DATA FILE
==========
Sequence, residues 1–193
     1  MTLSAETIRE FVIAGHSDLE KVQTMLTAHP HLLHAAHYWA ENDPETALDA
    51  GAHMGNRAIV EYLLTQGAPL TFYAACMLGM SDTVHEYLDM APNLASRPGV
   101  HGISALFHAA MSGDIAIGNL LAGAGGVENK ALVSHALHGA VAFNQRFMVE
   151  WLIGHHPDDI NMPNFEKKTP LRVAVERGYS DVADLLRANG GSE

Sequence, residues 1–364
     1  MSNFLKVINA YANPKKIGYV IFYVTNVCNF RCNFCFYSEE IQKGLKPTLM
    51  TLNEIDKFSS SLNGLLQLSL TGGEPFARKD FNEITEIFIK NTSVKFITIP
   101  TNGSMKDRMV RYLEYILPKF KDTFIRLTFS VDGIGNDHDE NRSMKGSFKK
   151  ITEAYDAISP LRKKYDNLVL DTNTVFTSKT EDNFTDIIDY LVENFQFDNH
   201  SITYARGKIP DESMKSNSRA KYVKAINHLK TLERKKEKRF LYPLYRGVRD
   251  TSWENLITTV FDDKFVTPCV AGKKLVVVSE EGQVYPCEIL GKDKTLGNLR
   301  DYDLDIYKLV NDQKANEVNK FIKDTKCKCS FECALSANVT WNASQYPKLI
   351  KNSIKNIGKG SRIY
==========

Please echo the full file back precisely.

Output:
Sequence, residues 1–193
     1  MTLSAETIRE FVIAGHSDLE KVQTMLTAHP HLLHAAHYWA ENDPETALDA
    51  GAHMGNRAIV EYLLTQGAPL TFYAACMLGM SDTVHEYLDM APNLASRPGV
   101  HGISALFHAA MSGDIAIGNL LAGAGGVENK ALVSHALHGA VAFNQRFMVE
   151  WLIGHHPDDI NMPNFEKKTP LRVAVERGYS DVADLLRANG GSE

Sequence, residues 1–364
     1  MSNFLKVINA YANPKKIGYV IFYVTNVCNF RCNFCFYSEE IQKGLKPTLM
    51  TLNEIDKFSS SLNGLLQLSL TGGEPFARKD FNEITEIFIK NTSVKFITIP
   101  TNGSMKDRMV RYLEYILPKF KDTFIRLTFS VDGIGNDHDE NRSMKGSFKK
   151  ITEAYDAISP LRKKYDNLVL DTNTVFTSKT EDNFTDIIDY LVENFQFDNH
   201  SITYARGKIP DESMKSNSRA KYVKAINHLK TLERKKEKRF LYPLYRGVRD
   251  TSWENLITTV FDDKFVTPCV AGKKLVVVSE EGQVYPCEIL GKDKTLGNLR
   301  DYDLDIYKLV NDQKANEVNK FIKDTKCKCS FECALSANVT WNASQYPKLI
   351  KNSIKNIGKG SRIY